Day One

View from my new office
The view from my new office.

No one knows how they got to the top of the hill.
Since we’re only here for a while, might as well show some style.
Isn’t it a lovely ride? Sliding down. Gliding down.
Try not to try too hard, it’s just a lovely ride.

—James Taylor, Secret ‘O Life

At 55 and at the pinnacle of career success, I realized I needed out not up, less not more. I couldn’t do it one more day. So I did it for six more months, setting myself up financially to exit my job as vice president of marketing at a college.

I used to tell my team members to “trust your gut” but I had been ignoring mine a very long time. The turning point? The morning I sobbed the entire way to work…and could not stop.

It seems to me there are two very different kinds of work challenges. One kind requires you to grow and expand who you are…the other to diminish or reduce yourself. Tackling them may initially feel the same, calling upon the same ingenuity and discipline, intelligence or grit, but they are not the same.

Here’s a clue: Are you invigorated by the energy invested…or depleted? My big job with its big salary and big title had started to require me to become smaller. Over time it caused me to mute my voice. Avoid conflict at whatever cost.

There was a cost. I finally listened to my gut that morning when the floodgates opened. Get out.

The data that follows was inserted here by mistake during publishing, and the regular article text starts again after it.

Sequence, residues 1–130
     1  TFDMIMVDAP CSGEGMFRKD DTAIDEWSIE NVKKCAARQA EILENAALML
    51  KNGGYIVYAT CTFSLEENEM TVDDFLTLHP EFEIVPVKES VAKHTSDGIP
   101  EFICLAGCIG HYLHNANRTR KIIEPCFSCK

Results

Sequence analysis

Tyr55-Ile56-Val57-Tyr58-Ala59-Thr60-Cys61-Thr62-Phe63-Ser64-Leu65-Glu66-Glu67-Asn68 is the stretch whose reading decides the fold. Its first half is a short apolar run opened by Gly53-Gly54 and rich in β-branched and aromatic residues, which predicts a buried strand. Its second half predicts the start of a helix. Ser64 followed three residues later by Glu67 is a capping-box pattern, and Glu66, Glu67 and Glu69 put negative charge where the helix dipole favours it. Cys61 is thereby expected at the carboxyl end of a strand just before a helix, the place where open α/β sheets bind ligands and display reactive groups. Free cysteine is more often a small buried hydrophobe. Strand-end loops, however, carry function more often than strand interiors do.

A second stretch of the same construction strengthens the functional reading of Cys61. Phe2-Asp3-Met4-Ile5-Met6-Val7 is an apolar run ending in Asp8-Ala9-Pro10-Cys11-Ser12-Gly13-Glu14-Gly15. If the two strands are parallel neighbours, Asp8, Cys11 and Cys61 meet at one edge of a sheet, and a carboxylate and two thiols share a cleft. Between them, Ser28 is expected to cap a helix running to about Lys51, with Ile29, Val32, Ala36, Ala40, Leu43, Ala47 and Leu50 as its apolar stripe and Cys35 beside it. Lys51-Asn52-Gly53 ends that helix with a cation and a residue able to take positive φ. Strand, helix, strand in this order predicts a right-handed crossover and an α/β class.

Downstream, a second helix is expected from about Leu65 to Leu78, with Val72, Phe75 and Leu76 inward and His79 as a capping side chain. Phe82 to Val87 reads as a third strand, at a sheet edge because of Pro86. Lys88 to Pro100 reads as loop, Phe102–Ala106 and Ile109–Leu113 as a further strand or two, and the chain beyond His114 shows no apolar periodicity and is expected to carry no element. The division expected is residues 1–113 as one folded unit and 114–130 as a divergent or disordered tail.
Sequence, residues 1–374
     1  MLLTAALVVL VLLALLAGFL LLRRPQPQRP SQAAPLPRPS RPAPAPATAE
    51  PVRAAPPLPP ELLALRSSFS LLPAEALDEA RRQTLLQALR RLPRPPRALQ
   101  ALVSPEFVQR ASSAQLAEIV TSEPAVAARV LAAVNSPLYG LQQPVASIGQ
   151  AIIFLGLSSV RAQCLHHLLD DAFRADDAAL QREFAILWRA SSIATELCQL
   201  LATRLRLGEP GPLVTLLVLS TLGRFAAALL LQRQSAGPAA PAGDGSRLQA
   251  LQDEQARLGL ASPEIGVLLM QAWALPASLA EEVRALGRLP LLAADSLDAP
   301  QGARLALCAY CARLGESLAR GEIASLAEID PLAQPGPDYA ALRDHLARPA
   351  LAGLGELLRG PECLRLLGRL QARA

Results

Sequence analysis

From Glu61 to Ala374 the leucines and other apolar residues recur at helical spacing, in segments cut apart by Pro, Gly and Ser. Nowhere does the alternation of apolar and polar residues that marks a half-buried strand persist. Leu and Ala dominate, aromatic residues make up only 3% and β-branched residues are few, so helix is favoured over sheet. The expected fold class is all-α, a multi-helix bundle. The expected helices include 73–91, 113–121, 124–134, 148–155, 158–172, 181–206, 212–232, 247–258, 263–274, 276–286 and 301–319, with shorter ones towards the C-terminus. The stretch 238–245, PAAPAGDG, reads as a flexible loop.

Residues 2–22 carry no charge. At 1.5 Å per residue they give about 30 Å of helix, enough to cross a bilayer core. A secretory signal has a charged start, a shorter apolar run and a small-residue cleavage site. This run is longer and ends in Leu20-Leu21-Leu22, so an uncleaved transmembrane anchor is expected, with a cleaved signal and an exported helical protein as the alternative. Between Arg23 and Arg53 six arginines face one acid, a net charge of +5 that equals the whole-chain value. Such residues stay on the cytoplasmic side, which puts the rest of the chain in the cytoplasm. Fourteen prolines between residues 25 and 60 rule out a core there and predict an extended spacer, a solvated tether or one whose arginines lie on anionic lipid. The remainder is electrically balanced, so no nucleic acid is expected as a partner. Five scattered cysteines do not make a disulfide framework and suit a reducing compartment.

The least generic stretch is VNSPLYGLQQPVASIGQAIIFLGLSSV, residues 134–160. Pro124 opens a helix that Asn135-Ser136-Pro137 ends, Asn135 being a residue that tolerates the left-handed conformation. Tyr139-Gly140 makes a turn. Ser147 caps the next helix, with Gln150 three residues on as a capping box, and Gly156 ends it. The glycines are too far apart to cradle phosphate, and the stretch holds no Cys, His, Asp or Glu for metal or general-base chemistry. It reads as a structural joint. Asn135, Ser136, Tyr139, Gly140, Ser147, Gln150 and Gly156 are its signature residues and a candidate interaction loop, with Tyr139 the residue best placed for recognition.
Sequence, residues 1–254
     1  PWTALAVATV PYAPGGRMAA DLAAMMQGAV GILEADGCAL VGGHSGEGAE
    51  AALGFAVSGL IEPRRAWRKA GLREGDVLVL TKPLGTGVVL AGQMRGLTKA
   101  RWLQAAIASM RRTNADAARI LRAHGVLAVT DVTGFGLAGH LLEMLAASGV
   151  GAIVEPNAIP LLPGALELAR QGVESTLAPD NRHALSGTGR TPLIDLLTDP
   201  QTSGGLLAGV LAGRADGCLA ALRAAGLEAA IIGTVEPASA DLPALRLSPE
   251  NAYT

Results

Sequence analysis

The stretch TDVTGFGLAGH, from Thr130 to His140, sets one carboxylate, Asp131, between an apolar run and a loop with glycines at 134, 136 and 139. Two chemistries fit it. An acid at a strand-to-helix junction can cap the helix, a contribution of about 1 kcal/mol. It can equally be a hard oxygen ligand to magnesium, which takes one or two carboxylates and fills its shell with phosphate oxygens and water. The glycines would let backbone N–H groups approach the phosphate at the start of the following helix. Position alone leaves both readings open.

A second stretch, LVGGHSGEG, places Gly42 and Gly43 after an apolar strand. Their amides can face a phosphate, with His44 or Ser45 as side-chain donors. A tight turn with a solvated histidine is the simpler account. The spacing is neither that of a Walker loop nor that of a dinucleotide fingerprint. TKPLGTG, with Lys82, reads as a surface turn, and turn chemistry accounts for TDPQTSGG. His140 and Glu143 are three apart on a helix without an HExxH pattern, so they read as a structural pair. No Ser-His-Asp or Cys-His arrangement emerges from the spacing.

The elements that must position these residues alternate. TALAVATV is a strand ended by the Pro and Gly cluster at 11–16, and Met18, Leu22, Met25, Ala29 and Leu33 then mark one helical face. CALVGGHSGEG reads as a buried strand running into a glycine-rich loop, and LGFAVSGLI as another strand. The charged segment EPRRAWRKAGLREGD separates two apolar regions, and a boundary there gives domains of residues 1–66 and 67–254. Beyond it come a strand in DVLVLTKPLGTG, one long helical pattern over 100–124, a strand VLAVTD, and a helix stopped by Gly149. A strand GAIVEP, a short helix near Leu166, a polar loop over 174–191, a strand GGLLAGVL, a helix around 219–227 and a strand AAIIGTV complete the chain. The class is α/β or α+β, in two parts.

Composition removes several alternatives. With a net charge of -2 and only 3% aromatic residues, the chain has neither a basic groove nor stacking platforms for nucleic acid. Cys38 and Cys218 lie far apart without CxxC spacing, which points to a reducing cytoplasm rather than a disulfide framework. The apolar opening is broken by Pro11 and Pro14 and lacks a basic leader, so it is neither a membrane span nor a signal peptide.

I missed my kids too. I missed chunks of their days. Everything was compartmentalized, squeezed into Outlook calendar entries. Each week was a different carpool arrangement, finding moms or dads to pick up and drop off. I came home late, too tired to cook, resentful of the scarcity of time and energy. My daughter was struggling through Middle School social issues and problems I had missed. Teens don’t just tell you what’s going on in their hearts on your timetable. Your antenna needs to be tuned in to the nuanced signals they send. My antenna had collapsed.

Nothing felt like a lovely ride.

So I have bought myself time. The funds may only last for a couple of years. But I hope what I gain will stay with me my whole life. I escaped from something that over time caused me damage. Now I will take the time to figure out why…and what really matters…what makes my soul expand.

I have these two great kids, a very good man as my husband and partner…and wonderful family and friends supporting me…on my great escape.

What would you do if you just had the luxury of more free, truly free time?

7 thoughts on “Day One”

  1. Thank you, Lucy for sharing your struggle and then a decision that took courage, but that is life-giving and life-expanding for you. I think your post raises a couple of crucial questions — a) does my work, career, life expand me as a human being, or does it diminish me and shrink who I really am, and b) what price am I willing to pay for career success? Is it worth shrinking yourself, losing yourself, losing your marriage, losing a relationship with your children? Sometimes people may not have a lot of choice financially and in a tough economy, but I think asking the question can help even those stuck in one of those jobs to find other ways to enliven and expand what really matters to them. I read a book once by a man who had worked in Hospice for many years. He said that no one ever wished they had spent more time at work than they did! Good for you for going with what matters most to you!